3 Essential Skills for Non-Profit IT Professionals
With so much of the modern business world shifting into the digital space, IT professionals are in more demand than ever before, especially in non-profits. In fact, working for a charity is not that different from working for a big corporation. The job functions are very similar, and expectations are as well. But in a non-profit, you’re doing everything you can to make a difference while ensuring the business is operating as efficiently as possible (and at the lowest possible costs).
Now, that doesn’t mean that any IT professional can move into the non-profit sector without understanding some of the industry-specific skills they’ll need. That goes double for anyone leaving the private sector to pursue a charity career. In fact, a lot of non-profits are a bit behind the curve in terms of technology, but the sector as a whole is undergoing the same kinds of digital disruptions that private industry has been encountering for years.
To understand where the sector is in terms of technology, consider that a recent survey revealed that 58% of charities in the UK have no digital strategy at all – but that means someone with the right skills and know-how can be a real asset in driving that digital transformation. Of course, there are some industry-specific skills that any IT professional should have to help turn their new non-profit workplace into a tech-friendly enterprise.
Think you may be the right person for the job? Here are the three most important skills you should brush up on before applying to work in IT for a charity.
1. A speciality in cloud services
Since non-profits prize efficiency in their operations, much of the technology that they’ve been adopting over the last few years has been cloud-based. Not only does this save them the man-hours it used to take to keep detailed and organised files on everything, but it means they have the option to work remotely (whether that’s from home or directly with the people the charity is supporting). That’s why it’s so vital to ensure that cloud technology is up to date and working smoothly.
Cloud solutions almost always have a lower total cost of ownership and are easier to support. That makes them essential parts of operating an efficient, lean, fundraising operation. Cloud-based CRM systems like The Raiser’s Edge help charities manage fundraising and donor relationships. Other cloud services, like DonorPerfect and Bloomerang, are also mainstays in the non-profit world, so it’s a good idea to do a little bit of reading about these products (and any other niche software your new company is using) so you’ll be able to hit the ground running.
2. An understanding of analytics
Over the last few years, Big Data and analytics have been the darlings of the business world. Now, they’re taking over the non-profit sector too. And it’s easy to understand why – in fact, 78% of non-profits that use advanced analytics solutions report being more effective at achieving their core mission. For the IT professional, that means you’re going to need to understand the concepts involved in collecting, analysing, and extracting insights from data if you’re to succeed in the non-profit world. This is especially true within smaller charity organisations with few employees since they’re not likely to have a robust marketing department to handle analytics, making the task the exclusive purview of the IT professional. If your existing position didn’t include analytics, make sure you do some upskilling before you take a job with a non-profit.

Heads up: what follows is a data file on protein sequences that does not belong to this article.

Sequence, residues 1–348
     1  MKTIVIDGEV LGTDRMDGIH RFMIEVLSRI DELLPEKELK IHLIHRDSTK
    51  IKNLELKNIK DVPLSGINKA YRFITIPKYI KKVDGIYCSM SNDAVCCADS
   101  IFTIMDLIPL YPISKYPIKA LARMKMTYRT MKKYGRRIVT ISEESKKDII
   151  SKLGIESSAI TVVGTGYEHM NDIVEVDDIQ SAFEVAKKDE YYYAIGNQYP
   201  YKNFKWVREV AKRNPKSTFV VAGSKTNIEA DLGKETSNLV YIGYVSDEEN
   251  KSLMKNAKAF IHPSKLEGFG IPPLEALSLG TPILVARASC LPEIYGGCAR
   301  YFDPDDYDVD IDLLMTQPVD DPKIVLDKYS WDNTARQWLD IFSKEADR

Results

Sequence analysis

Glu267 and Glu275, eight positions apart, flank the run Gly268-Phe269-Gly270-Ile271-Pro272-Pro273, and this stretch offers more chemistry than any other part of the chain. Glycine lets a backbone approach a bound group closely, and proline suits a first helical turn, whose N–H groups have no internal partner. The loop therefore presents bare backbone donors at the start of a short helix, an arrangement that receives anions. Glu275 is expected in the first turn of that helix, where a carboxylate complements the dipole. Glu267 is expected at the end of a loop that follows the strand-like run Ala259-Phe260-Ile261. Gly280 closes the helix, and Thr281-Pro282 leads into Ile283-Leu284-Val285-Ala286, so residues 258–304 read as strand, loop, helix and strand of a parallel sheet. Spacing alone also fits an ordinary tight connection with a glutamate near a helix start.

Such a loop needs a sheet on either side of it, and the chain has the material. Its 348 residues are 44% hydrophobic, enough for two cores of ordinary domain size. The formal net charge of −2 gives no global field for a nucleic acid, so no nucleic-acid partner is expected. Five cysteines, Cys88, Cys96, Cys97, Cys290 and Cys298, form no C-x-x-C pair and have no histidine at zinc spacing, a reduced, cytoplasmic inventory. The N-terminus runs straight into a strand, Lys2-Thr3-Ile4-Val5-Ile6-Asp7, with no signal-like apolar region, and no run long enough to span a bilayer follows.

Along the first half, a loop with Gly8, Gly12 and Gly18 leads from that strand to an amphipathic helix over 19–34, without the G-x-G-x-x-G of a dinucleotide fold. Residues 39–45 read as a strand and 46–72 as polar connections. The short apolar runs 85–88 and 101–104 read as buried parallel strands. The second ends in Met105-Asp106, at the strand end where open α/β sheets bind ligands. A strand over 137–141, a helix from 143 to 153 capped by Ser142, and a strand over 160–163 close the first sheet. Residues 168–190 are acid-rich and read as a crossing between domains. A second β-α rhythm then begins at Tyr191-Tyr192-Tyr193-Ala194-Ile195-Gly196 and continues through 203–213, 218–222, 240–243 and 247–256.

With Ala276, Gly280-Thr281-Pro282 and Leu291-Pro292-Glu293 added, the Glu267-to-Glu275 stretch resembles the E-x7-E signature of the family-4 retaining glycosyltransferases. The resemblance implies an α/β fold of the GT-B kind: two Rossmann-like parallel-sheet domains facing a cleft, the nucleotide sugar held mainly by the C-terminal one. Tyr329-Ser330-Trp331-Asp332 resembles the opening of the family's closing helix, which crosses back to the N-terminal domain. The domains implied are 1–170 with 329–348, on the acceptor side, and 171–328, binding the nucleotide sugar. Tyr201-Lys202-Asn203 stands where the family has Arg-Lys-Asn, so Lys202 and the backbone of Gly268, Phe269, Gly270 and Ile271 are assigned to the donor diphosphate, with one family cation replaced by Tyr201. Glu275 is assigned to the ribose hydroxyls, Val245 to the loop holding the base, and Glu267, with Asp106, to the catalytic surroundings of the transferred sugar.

3. In-depth knowledge of social media tools
For the typical private sector IT worker, social media is a thing that you spend much of your time trying to prevent employees from using during work hours. But in the world of the non-profit, social media is now one of the most important tools used to spread an organisation’s message and help raise funds. While the social media channels themselves will be managed by the non-profit’s marketing team, it’s still up to the IT team to support the software and tools they need to do their jobs.
For IT professional, that means having a thorough understanding of the inner workings of all of the major social media platforms, as well as a firm grasp on social media management tools like Hootsuite, Buffer, and Sprout Social. It’s also advisable to get a handle on what a typical non-profit social media marketing plan looks like, so you’ll be ready to support it on the technology side of things by suggesting additional software and services that could further the goals of the non-profit on social media.
Be a technology hero
If you’re considering crossing over into the charity sector, you’re making the right move. There are plenty of worthy causes championed by organisations that can sure use some technology help. By mastering the skills mentioned above, you should be able to use your talents to help them meet their goals and do some tangible good in the world. Best of all, you’ll feel good doing it, too. So what are you waiting for? Find out what jobs are available for IT professionals in non-profits today.